Buying magical tools

How many books and teachers say that the best magical tools are those which are made by their users?  This is common wisdom because putting one’s own energy into an object’s creation infuses it with very personal power.  But not everyone has the skills necessary to create every possible tool — have you ever tried to make your own Tarot deck, for example?

Personal tool creation is powerful because creation is powerful.  Creating the tool for one’s own use removes any concerns about the item’s history; if you made it and you’re the only one who has used it, then you never have to wonder about what it was used for before it reached your hands.

Those of us with less talent for crafting objects of a particular type may consider purchasing one, but that’s a choice some people are uncomfortable with.  There’s a not-uncommon belief that it’s not okay to buy magical tools — usually it’s narrowly defined, such as a proscription against buying your own Tarot deck, for example.

A spell to buy with intent

The closer you are to the creation of a ritual or magical item, the better, but that doesn’t mean money can’t have a role.  Most people who are comfortable purchasing tools take the time to cleanse or consecrate the new addition to their ritual family, but overlook an earlier opportunity to act with intent:  charging the money for the purchase itself.

It’s easiest to focus intention and energy through coins, because they are tremendously tactile metal objects.  Using a small number of coins to represent the total you intend on spending is acceptable, and the coins are not even necessary if you’re comfortable enough with energy work.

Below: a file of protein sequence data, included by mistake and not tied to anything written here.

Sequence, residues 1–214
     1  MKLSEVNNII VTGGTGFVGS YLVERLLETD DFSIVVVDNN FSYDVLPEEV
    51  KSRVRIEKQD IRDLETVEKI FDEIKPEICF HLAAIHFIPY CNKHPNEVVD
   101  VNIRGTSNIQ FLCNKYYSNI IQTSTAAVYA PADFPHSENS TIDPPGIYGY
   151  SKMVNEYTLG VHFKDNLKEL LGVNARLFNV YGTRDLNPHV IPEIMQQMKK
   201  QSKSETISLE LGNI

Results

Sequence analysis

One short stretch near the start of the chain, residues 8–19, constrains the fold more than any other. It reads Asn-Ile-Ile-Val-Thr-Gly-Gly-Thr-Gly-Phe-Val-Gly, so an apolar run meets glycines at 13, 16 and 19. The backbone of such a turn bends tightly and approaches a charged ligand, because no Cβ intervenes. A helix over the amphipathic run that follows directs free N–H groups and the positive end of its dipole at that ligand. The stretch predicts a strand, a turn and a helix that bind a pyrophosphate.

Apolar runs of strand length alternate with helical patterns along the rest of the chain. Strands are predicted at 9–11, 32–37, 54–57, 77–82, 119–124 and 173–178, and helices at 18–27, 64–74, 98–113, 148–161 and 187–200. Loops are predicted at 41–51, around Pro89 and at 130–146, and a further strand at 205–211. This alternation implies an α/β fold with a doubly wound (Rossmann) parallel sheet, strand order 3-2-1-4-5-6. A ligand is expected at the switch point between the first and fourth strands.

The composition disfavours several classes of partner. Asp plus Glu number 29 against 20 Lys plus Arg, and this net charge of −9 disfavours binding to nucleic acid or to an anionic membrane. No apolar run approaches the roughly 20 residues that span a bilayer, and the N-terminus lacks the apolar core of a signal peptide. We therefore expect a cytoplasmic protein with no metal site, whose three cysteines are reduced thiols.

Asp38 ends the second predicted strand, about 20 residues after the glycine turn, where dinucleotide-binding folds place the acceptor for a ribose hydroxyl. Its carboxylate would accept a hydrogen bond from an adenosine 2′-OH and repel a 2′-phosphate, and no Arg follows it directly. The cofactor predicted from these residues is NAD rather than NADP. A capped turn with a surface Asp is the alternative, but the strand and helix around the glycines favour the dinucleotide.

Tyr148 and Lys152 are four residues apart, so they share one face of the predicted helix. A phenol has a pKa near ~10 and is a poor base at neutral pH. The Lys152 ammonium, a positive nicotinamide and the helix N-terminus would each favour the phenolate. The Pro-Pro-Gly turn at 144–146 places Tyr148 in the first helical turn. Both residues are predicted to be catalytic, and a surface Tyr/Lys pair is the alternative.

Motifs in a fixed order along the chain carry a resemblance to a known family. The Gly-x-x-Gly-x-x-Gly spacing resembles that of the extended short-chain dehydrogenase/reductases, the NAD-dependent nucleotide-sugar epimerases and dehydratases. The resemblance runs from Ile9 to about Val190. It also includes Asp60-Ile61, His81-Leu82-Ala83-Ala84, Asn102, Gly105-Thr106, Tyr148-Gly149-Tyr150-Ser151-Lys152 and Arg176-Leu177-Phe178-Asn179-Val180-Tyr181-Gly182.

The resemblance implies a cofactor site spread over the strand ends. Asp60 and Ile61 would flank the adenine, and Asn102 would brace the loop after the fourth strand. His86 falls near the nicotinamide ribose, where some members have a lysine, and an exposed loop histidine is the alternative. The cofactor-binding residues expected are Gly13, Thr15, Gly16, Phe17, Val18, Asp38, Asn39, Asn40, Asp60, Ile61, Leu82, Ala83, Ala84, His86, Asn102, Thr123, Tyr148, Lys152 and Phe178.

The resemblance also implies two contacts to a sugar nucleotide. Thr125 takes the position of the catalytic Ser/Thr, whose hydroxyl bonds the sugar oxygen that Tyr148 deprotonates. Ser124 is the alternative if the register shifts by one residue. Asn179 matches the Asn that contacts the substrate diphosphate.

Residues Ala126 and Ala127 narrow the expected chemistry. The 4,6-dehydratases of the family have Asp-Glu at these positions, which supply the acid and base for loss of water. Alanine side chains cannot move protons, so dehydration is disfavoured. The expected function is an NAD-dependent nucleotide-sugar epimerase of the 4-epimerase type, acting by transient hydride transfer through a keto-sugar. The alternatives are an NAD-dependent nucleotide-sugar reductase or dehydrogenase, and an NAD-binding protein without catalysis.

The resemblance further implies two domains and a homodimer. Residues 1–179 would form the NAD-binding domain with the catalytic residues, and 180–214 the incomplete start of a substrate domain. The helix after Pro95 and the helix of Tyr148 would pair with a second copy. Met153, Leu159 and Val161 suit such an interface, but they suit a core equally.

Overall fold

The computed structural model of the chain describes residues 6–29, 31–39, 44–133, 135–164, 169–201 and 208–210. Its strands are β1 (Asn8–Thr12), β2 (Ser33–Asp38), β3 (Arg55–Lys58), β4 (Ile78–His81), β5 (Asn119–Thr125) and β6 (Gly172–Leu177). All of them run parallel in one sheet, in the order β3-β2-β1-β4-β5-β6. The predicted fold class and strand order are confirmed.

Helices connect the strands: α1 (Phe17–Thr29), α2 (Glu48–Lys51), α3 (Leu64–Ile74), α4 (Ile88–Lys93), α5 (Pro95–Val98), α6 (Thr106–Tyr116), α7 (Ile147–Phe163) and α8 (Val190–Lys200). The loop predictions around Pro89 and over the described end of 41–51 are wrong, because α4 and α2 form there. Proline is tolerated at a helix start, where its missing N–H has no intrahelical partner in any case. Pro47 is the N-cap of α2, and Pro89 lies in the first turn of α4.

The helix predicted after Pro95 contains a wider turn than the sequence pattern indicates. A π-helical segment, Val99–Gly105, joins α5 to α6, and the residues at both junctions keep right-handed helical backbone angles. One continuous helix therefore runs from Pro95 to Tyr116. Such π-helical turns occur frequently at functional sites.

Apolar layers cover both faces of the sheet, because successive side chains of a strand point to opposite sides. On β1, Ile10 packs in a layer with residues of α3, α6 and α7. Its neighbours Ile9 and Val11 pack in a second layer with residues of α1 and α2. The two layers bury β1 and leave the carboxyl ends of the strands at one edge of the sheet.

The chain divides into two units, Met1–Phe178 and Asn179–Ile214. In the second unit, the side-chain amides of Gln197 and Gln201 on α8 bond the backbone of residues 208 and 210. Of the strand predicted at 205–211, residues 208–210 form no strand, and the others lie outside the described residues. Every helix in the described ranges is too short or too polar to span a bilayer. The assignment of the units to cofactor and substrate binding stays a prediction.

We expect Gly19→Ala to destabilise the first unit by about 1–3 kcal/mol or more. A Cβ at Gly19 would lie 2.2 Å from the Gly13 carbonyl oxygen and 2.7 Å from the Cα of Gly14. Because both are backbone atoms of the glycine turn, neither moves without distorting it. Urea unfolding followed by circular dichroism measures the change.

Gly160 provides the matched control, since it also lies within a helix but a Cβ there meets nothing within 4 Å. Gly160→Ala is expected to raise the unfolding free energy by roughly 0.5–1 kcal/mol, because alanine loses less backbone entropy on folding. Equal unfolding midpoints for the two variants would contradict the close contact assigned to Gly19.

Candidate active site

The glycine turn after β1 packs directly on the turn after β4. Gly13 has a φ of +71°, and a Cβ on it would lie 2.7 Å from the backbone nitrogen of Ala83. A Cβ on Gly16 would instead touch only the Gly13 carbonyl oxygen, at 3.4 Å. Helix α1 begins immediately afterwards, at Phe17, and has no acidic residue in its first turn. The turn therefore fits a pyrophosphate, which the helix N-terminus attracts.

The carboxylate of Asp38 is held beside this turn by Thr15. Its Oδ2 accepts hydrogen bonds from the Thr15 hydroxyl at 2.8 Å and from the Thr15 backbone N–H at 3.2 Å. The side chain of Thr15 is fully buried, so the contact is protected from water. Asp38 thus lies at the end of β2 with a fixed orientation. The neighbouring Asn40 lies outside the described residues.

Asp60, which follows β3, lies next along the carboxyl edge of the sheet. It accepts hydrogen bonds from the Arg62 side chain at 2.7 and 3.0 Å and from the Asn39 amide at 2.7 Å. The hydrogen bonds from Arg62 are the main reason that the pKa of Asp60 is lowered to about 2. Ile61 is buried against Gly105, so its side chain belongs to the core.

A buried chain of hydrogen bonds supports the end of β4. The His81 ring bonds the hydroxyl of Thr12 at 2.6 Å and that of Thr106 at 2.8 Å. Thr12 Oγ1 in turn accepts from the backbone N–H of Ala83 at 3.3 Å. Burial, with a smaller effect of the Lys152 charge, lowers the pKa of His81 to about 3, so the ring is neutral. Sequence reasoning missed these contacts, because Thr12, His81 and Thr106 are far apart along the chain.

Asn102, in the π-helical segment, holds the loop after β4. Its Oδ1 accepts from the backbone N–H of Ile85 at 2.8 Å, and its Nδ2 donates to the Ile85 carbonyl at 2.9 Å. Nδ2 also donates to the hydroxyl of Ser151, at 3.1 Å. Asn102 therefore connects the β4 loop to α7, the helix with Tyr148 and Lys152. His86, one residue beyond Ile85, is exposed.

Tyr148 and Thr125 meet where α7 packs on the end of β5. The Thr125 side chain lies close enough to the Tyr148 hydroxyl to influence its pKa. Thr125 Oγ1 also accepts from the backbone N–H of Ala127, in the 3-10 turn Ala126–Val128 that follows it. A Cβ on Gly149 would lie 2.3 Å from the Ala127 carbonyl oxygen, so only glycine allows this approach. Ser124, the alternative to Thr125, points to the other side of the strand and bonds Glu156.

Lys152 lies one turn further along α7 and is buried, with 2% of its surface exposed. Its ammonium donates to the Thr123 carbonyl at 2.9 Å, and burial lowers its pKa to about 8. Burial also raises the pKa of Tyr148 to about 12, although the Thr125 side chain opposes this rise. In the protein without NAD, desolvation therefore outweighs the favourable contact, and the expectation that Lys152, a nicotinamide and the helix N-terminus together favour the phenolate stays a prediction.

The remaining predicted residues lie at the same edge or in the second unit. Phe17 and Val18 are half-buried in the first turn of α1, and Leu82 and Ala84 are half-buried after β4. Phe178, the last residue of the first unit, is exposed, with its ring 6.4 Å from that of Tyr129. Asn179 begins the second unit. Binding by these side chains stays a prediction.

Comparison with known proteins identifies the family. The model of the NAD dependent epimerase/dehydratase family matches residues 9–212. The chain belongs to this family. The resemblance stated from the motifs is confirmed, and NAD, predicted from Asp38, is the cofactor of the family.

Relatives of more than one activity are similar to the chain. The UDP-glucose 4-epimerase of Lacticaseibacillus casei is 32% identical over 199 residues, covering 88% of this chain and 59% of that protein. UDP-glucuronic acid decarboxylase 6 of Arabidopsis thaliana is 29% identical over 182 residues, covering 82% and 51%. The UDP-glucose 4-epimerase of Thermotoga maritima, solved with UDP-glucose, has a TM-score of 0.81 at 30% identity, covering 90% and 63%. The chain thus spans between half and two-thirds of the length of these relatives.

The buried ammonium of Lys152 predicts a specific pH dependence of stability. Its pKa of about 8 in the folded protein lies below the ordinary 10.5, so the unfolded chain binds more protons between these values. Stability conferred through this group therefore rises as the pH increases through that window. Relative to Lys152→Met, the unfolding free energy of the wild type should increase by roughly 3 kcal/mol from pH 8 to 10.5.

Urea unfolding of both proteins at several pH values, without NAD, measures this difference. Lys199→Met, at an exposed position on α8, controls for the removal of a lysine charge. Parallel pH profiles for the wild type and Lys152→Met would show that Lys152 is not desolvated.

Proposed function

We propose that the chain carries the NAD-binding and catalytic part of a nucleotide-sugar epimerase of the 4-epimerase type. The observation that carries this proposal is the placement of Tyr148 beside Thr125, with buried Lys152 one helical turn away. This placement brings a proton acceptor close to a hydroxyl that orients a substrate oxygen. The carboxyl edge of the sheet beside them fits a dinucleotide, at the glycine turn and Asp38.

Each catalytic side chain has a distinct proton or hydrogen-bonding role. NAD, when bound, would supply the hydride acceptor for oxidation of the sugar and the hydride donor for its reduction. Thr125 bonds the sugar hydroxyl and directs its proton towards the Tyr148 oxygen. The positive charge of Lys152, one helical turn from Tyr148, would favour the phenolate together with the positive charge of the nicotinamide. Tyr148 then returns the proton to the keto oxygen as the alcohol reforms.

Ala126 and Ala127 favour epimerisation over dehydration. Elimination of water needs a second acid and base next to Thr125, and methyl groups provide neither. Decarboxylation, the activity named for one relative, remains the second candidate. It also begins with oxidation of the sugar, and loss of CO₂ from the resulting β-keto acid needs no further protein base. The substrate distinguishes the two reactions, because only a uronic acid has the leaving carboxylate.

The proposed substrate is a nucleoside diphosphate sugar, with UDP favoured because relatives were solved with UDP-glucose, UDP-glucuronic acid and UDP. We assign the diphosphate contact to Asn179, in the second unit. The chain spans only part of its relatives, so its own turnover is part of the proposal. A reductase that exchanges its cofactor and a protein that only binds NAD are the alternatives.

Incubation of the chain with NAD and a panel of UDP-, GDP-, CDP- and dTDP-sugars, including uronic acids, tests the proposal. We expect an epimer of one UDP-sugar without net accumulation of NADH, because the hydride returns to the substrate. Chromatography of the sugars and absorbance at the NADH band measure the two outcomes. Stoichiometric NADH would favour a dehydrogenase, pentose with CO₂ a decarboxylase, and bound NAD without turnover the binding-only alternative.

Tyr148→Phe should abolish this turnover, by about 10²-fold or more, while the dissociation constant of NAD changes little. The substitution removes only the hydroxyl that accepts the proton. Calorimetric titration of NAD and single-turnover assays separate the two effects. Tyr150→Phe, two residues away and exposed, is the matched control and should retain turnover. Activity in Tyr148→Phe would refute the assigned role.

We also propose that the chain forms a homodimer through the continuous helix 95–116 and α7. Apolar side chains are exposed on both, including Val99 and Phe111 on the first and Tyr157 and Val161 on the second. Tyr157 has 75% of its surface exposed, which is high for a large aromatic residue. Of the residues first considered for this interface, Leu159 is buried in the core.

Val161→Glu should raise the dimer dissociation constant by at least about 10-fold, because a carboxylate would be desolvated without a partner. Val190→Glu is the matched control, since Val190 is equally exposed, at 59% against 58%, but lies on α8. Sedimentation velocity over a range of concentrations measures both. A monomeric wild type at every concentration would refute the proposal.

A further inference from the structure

The first step is to decide what you’re buying.  Divination, meditation, and good old-fashioned shopping are all perfectly legitimate tools to identify the exact ritual or magical tool that you need.  If you’re not skilled at visualization, then you’re better off making the selection in person, so you can see (and ideally touch) the item for yourself.

Once you have the object in hand, or its clear image in your head, take the coins in your two hands, holding them aloft, and say:

Fruit of my efforts
Sweat of my brow
In my palms I shall focus
In these palms, in the now.

This is a two-way energy flow:  you visualize drawing the item to you, while simultaneously focusing on your intended use of the tool.  In effect, you’re creating a contract with the item, and using money to bind it.  Money is particularly good for contractual, binding work.

If you’ve energized coins for part or all of the purchase, then use it all for the transaction.  A check or paper currency can be similarly charged, but if you’re working with a credit or debit card, be careful:  it’s the money, not the card, which you should be charging.  The card is a talisman for all of your money, and you don’t want to commit more than you intend.  If a debit or credit card is going to be used for the transaction, don’t use it as a focus unless you’re confident you can visualize it as a conduit only.

Working with money in its virtual form is perfectly valid, but requires stronger visualization skills, and a deliberate act of will to release the energy when you make the purchase.  Money is energy and behaves as such, but it’s often easier to work with it energetically when you can feel cool, solid coins in your hands.

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